Mural with a Message: Using Art to Tell the NTD Story in Guinea
M’baye “Léfa” Aissatou and Diaw Omar Chimere
M’baye “Léfa” Aissatou and Diaw Omar Chimere. USAID's Act to End NTDs | West, Helen Keller Intl, Guinea

M’baye “Léfa” Aissatou and Diaw Omar Chimere are talented artists who have found an innovative way to combine their work with their passion for improving the health of the people of Guinea. Their love for painting dates back to early childhood, when they used to sketch out every idea that came to mind. Yet, they remember a time when it was hard to find the energy to sketch. That was when they were sick with a neglected tropical disease (NTD) caused by soil-transmitted helminth (STH) infections (intestinal worms), which both suffered from at one point in their lives. Fortunately, both recovered after receiving safe, effective treatments, but being sick taught them how hard it is to do anything—even the things that you love—when you’re suffering from a debilitating NTD. NTDs can cause agonizing symptoms ranging from severe abdominal pain and bloody stools to irreversible physical and cognitive growth and development impairments, in the case of heavy STH infections, for example. 

As Léfa and Diaw grew up and became close friends, they would occasionally travel together on trips around West Africa. On one of these trips, they spotted an amazing mural in Dakar, Senegal, which sparked an idea—what if they transformed their sketches into large scale murals to help people understand how to tackle tough health problems? Back in Guinea, they quickly started working to develop their new initiative, which they called The Guinea Challenge, with the aim of increasing peoples’ awareness about health problems. With their own funding, they created several murals in Conakry, the capital, which received significant public support.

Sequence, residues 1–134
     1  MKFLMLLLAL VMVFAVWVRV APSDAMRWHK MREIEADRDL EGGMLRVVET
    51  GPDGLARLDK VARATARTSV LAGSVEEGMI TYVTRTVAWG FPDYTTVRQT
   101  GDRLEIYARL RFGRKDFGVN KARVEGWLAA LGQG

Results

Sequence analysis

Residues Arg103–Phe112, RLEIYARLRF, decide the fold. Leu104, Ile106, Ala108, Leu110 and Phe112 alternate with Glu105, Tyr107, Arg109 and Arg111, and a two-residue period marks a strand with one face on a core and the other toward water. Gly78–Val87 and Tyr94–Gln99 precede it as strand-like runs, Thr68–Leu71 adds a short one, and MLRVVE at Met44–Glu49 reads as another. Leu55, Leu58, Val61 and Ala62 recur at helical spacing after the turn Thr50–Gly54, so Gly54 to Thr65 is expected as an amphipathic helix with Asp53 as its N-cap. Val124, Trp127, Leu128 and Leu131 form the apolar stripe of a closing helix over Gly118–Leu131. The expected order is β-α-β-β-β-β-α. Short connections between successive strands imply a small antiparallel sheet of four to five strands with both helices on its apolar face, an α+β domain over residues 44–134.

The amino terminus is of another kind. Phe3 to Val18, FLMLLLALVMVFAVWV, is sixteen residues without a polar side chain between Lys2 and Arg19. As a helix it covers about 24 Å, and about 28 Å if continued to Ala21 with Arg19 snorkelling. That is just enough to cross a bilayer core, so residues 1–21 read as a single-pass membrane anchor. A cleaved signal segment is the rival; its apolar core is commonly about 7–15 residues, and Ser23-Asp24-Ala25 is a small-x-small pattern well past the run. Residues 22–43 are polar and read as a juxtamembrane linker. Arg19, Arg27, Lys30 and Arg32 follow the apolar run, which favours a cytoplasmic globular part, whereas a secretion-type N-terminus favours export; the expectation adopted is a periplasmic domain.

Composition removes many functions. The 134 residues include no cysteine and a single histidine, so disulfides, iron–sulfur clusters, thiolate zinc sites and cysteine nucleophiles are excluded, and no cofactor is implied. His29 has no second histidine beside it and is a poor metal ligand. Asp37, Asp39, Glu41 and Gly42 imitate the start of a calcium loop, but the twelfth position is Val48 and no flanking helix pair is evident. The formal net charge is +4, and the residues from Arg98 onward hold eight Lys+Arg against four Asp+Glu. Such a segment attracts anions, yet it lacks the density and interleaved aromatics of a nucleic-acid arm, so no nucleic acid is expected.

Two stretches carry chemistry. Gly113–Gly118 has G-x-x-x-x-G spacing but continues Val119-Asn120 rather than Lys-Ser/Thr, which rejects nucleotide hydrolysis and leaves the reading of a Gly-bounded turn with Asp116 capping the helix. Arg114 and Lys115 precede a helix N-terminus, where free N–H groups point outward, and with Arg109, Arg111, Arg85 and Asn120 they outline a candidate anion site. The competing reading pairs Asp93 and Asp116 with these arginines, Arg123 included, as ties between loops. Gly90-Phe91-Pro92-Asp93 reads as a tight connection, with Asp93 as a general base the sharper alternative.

How contaminated water can spread schistosomiasis. PC: USAID's Act to End NTDs | West, Helen Keller Intl, Guinea

Because their work has received so much public attention, Guinea’s National NTD Program (NTDP)— with support from USAID’s Act to End NTDs | West Program (Act | West), implemented by Helen Keller Intl— collaborated with the Guinea Challenge artists to design a 15-meter-long mural fresco showcasing NTD prevention methods to mark the second annual World NTD Day on January 30, 2021. Before beginning the work, the artists did extensive research about NTDs—including STH, schistosomiasis, onchocerciasis, trachoma and lymphatic filariasis (also called ‘elephantiasis’)—and how to treat and prevent them.

 “We learned that NTDs mostly affect poor, marginalized people. They hurt people’s health and also have large, negative socio-economic consequences,” Léfa explained. “Learning about NTDs had a big impact on us because not only did we ourselves suffer from STH when we were younger, we also know people who are close to us who are suffer[ing] from elephantiasis."

How flies can spread trachoma, which can devastate the eyes
How flies can spread trachoma, which can devastate the eyes. PC: USAID's Act to End NTDs | West, Helen Keller Intl, Guinea

The artists used this knowledge to convey strong messages, communicated through the colorful artwork in their mural, to raise awareness about NTDs, which are considered a public health problem in Guinea. The mural doesn’t just get people’s attention, it also serves as an important avenue to reach and inform one of the NTDP’s key target audiences—people who cannot read.

“The new murals provide significant visibility to the work done to fight against NTDs in Guinea, helping to reduce the neglect,” said Act | West Guinea Program Manager Fatou Gueye. “The murals have garnered widespread attention in Guinea, especially among Internet users.”

For their part, the artists say that working on the World NTD Day murals has awakened their personal interest in these diseases.

“Now that we know a little about NTDs, we are committed, through our art, to fight the neglect attributed to these diseases, which are still covered in a cloak of silence in some communities, due to the lack of knowledge of the causes and means of control,” said Diaw. “The comments that we’ve received during and after the completion of these murals from passers-by and internet users reinforce our conviction that our communication strategy is effective and has not gone unnoticed.”





How lymphatic filariasis can be transmitted by mosquitos. PC: USAID's Act to End NTDs | West, Helen Keller Intl, Guinea
M’baye “Léfa” Aissatou stands by mural. PC: USAID's Act to End NTDs | West, Helen Keller Intl, Guinea